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Published: 2008/12/22
by Dan Alford

Wayne Shorter Quartet with Imani Winds, Carnegie Hall, NYC- 12/2

After finishing an hour plus set with his breathtaking quartet, Wayne Shorter slowly picked the microphone up from Danilo Perez’s piano and offered a rare onstage comment: “Art Blakey used to say, after you played a certain amount of time, you got nothing to prove.” He grinned mischievously, adding in a raspy imitation, “Miles Davis would say, So What?’” It’s certainly true that Wayne has nothing to prove; he is widely considered one of the most important and influential composers of the 20th century, and rounding in on 75 years, he is still producing new works— and can still blow better than cats a third his age. Those 75 years were just the purpose of the evening: to celebrate one of jazz’s great elder statesmen. Yet like the man himself, the evening was less of a reminiscence, a cataloguing of past achievements and collaborations, as other Carnegie Hall events have been in recent years— celebrations of Ron Carter and Herbie Hancock, both of which included Shorter; rather it was a forward looking event that emphasized new material, new collaborations and plenty of improvisation.

In fact, the night began not emphasizing Shorter’s playing at all (he was not even on stage), but his first piece written for Imani Winds, entitled “Terra Incognita.” The woodwind quartet plus French horn moved gracefully through a distinctly Shorter sounding composition, a mixture of pixie dust and geological turmoil— Monica Ellis on bassoon was at the core of the ten-minute or so movement.

Thereafter the Quartet took the stage. The true masters of improvisation, there is no finer band on the planet. They opened with bassist John Patitucci bowing deep, long notes with pianist Danilo Perez echoing the low end. Wayne grasped his tenor and leaned forward to blow ominous calls and the sounds grew heavy, drumming phenomenon Brian Blade switching from his cotton-ball tips to sticks. The music began to heave and surge, and Shorter was moaning a dark “Sanctuary” as Blade and Patitucci roared underneath; it was a lengthy version with subtlty-shifting grooves. As the instruments fell away, Perez was left alone, simultaneously speedy and passive, meandering. Blade returned to the mix, playing now with bare hands, and then tapping with the butts of sticks. In an instant the whole tone changed, growing wild, utterly tumultuous with all four members charging ahead and muscling through. The music was almost too intense, but relaxed just as quickly, and there was Perez again, like his line had never ended— his piano interludes would punctuate the night.

The band began a pensive “Over Shadow Hill Way” but as Blade gained strength, the other instruments fell away, leaving the man to pop and bash and storm in a thousand compelling gestures, Wayne screaming in on soprano sax at the climax. The set finished with the former song’s common partner, “Joy Ryder.” Patitucci plucked so very fast, driving right at he heart of the song, Wayne switching from tenor to soprano and back as he moved from the composition to more open territory. At one point, he held one glorious note to mark the composition, Danilo Perez scrambling up the mountain side after him, trying to chase him to the pinnacle- it was a stunning performance, the best playing from Shorter himself I’ve ever had the pleasure to see live.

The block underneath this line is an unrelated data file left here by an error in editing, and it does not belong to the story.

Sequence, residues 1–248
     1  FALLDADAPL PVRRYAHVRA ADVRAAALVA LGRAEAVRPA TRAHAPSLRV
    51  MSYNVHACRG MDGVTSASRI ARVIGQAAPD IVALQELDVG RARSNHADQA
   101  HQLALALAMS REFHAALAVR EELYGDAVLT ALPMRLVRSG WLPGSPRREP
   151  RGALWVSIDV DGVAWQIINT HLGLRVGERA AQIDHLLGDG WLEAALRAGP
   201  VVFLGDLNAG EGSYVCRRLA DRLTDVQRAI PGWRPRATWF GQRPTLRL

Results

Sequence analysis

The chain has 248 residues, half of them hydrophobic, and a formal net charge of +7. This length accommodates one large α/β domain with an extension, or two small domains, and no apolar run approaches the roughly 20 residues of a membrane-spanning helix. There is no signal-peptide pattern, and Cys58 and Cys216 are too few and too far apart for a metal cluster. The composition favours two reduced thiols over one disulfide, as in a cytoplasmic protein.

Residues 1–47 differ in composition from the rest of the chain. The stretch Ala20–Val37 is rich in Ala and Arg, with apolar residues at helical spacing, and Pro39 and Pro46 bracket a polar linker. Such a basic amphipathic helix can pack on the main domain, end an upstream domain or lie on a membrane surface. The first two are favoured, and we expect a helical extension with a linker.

Imani Winds then returned to the stage to help the quartet in “trying to play eternity.” Arranged in front of the rhythm section, they deferred to Shorter as musical director, but he took a seat right in their midst, ever the egalitarian. Perez had waves of sheet music spread across his piano, and Patitucci had his stretched across two music stands as the ensemble began an older song, “Three Marias.” The music was drama at its best, with the winds dropping in and out, leaving room from the members of the quartet to do what they do best, and always, Wayne was in the forefront, playing like the devil himself. The show closed with a lengthy take on a newer piece with flavors of the past, “Pegasus.” Perez was playing a bad, bad rhythm line and the band took off, the wind section lurching and tossing in the sea of music. Although there was nothing even remotely electric in instrumentation, the scope and tone of the piece remembered Weather Report. Nature can’t account for such deft playing, for Brian Blade, for Wayne Shorter, for this ensemble.

The encore was short take on the powerhouse number from the Quartet’s early days at the turn of the century, “Prometheus Unbound”— essentially just the composed section, although it ended with Wayne blowing one last barrage of notes that carried him up off his seat and then bent him nearly in two, leaving him leaning on the piano when it was over. The room went wild.

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